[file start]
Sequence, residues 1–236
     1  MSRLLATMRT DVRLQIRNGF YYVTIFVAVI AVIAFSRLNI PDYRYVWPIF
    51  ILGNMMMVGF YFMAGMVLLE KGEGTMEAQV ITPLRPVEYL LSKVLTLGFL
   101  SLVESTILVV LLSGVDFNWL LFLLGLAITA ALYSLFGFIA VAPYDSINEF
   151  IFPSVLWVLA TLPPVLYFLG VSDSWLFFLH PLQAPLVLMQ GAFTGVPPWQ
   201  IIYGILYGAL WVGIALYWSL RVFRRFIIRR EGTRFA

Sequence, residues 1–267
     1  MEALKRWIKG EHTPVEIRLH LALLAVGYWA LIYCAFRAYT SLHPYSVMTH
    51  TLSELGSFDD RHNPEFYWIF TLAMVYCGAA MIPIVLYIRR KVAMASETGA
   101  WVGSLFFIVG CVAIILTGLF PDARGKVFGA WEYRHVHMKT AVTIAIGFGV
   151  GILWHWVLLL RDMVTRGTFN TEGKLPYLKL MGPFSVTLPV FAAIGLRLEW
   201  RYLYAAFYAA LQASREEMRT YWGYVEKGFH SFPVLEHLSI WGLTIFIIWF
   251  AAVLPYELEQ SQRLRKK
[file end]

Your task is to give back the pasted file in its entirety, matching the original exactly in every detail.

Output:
Sequence, residues 1–236
     1  MSRLLATMRT DVRLQIRNGF YYVTIFVAVI AVIAFSRLNI PDYRYVWPIF
    51  ILGNMMMVGF YFMAGMVLLE KGEGTMEAQV ITPLRPVEYL LSKVLTLGFL
   101  SLVESTILVV LLSGVDFNWL LFLLGLAITA ALYSLFGFIA VAPYDSINEF
   151  IFPSVLWVLA TLPPVLYFLG VSDSWLFFLH PLQAPLVLMQ GAFTGVPPWQ
   201  IIYGILYGAL WVGIALYWSL RVFRRFIIRR EGTRFA

Sequence, residues 1–267
     1  MEALKRWIKG EHTPVEIRLH LALLAVGYWA LIYCAFRAYT SLHPYSVMTH
    51  TLSELGSFDD RHNPEFYWIF TLAMVYCGAA MIPIVLYIRR KVAMASETGA
   101  WVGSLFFIVG CVAIILTGLF PDARGKVFGA WEYRHVHMKT AVTIAIGFGV
   151  GILWHWVLLL RDMVTRGTFN TEGKLPYLKL MGPFSVTLPV FAAIGLRLEW
   201  RYLYAAFYAA LQASREEMRT YWGYVEKGFH SFPVLEHLSI WGLTIFIIWF
   251  AAVLPYELEQ SQRLRKK